In the wake of the Apple iBooks announcement back in January, Secretary of Education Arne Duncan quickly called on USA schools to fully deploy digital textbooks by 2017. To any observer of the glacial speed of digital conversion in our schools today, this goal seems aggressive.
What could help speed up the pace of these conversions? Well for one, large technology companies.
Owning diverse school curriculum and procurement customer relationships by the thousands, broad product lines, large-scale resources, partnerships, and professional services support, large technology companies could spark more BYOD and 1:1 conversions with more complete, more innovative, and more easy-to-use products and services. And they could help fix the massive challenges schools have when they look to plan and tackle these digital conversions.
You probably saw the headlines about the devastating tornadoes that swept through the Dallas, Texas metropolitan area a few weeks ago. Our hearts go out to those who suffered damage.
As the Lancaster area of the storm-hit region undergoes its recovery, I recently read that at least its public school students have much to look forward to in the months ahead. Lancaster schools recently announced a plan to create a “STEM District”—a union of schools committed to systematically changing teaching practices to promote state-of-the-art education in science, technology, engineering, and mathematics (STEM) subjects. It’s an exciting opportunity for the historically economically disadvantaged district to become a national model for teaching these critical topics. Read More »
Having worked on Cisco’s London 2012 programme for more than two years, it seems strange that the Games themselves will last just four and a half weeks in total – which seems far too short for all the effort going in from everybody !
Thankfully, we see the Legacy component of this partnership lasting for many years to come, and our “Building A Brilliant Future” programme has been designed to build a lasting legacy based on learning, skills, innovation and entrepreneurship that will hopefully create jobs and drive business growth particularly in SME’s.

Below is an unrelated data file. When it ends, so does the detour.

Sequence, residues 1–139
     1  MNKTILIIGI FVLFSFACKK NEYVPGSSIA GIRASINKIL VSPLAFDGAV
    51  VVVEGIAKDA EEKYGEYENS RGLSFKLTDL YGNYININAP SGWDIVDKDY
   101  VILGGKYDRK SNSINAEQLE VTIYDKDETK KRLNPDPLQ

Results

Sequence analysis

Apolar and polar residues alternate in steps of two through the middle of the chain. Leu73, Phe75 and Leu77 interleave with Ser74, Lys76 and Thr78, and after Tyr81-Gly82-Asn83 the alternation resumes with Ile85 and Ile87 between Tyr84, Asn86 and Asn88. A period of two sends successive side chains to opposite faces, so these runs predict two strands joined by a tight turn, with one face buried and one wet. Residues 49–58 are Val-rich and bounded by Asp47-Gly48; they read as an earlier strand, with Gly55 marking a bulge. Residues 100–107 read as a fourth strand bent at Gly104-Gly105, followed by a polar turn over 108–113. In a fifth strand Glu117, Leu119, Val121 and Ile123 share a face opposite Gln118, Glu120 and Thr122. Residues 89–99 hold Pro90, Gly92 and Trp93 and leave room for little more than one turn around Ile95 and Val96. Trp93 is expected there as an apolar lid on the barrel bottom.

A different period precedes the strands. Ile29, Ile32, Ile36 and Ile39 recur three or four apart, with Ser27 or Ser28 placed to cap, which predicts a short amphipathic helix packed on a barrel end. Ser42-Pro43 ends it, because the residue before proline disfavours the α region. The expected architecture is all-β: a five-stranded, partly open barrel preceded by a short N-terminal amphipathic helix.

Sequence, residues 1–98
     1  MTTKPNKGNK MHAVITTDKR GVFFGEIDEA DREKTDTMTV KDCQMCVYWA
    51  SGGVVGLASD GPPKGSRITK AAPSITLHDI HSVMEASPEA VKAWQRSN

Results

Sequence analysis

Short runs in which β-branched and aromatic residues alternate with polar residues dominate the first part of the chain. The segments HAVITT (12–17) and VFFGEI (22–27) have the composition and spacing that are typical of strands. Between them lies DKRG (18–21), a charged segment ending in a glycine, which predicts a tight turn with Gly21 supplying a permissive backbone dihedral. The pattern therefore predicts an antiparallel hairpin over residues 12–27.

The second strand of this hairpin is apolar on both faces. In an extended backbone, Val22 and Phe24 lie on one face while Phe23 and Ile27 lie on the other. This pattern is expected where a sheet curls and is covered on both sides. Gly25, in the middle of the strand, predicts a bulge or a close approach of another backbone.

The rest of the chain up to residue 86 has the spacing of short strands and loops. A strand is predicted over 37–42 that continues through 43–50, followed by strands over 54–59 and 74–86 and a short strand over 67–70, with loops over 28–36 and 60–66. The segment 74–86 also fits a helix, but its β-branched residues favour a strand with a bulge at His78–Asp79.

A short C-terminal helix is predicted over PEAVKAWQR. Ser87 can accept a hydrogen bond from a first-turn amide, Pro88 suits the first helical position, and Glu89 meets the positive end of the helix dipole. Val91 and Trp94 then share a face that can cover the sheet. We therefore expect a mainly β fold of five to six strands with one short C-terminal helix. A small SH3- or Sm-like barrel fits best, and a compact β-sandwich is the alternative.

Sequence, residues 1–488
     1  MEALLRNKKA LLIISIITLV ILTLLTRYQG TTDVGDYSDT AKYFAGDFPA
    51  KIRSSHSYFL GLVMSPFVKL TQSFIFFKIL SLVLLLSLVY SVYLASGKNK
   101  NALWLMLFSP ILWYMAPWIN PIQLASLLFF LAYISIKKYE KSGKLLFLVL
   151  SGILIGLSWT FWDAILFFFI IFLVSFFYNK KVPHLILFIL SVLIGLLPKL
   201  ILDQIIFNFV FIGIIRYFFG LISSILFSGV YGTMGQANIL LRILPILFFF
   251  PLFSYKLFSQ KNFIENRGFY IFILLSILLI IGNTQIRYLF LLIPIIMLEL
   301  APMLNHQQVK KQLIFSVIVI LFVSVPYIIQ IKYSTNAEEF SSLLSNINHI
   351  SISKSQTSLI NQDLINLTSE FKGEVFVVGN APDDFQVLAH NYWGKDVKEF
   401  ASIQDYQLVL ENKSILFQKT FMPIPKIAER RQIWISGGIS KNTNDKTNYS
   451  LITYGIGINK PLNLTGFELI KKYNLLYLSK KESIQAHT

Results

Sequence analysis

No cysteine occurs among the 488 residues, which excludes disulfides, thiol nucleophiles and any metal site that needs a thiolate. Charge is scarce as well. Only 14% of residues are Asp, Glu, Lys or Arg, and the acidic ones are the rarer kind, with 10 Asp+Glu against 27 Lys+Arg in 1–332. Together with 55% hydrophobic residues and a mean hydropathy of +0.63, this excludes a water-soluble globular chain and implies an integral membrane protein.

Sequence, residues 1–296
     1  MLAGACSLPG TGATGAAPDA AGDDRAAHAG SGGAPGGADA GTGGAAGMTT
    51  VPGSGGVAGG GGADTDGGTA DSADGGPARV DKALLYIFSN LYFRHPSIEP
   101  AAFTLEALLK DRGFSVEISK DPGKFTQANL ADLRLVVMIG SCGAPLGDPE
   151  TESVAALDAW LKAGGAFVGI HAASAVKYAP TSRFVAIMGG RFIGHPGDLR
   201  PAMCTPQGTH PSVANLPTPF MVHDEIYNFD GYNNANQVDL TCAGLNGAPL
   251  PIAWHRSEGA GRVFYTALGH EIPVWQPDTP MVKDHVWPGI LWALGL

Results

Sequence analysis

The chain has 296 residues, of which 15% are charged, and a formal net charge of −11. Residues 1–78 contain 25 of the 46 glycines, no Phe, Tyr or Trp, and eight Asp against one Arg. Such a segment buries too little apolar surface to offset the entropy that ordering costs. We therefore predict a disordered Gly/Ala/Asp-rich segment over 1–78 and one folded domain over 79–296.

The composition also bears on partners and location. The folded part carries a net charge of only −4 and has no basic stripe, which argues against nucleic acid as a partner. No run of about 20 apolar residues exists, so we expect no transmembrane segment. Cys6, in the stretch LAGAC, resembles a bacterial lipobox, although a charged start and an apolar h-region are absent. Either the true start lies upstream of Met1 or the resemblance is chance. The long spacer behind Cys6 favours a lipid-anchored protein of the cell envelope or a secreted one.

Ah, the fieldtrip! Brings back memories, doesn’t it? Well, actually, the memory I always recall is not entirely a happy one. Sure the zoo was fun, but what I remember most was the bus breaking down, the monkey hitting my friend in the eye with a butterscotch candy and a dark-haired boy promptly throwing up when we walked into the hippo area. It was still fun, though, to get out of school for the day and explore what we were learning hands on. An opportunity for real-life engagement in the learning process. Unfortunately, with budget struggles, time constraints and often just a school’s rural location, fieldtrips are few and far between for many schools.
More and more schools, however, as I’ve written before, are finding ways to take virtual fieldtrips (or VFTs) allowing students to participate in the same live, interactive experience without bus rides, transportation costs and loss of instructional time. Read More »
Classes just got a little more interesting at Harvard Law School, Columbia University and Sciences Po, an elite university in Paris.
A 65-student class dedicated to making students think critically about reimagining society, “Progressive Alternatives: Institutional Reconstruction Today,” is using telepresence to create a discussion that transcends three campuses located in different parts of the world.
According to an article in The Harvard Crimson, the class is taught by Harvard Law School professor Roberto M. Unger and includes commentary from Columbia University professor Jeffrey D. Sachs and Laurence Tubiana, a professor from Sciences Po.
With its telepresence system, the instructors and class are able to interact in realtime. The first hour of the class is a lecture and comment from each professor and the remaining one hour allows times for questions and a lively discussion. Read More »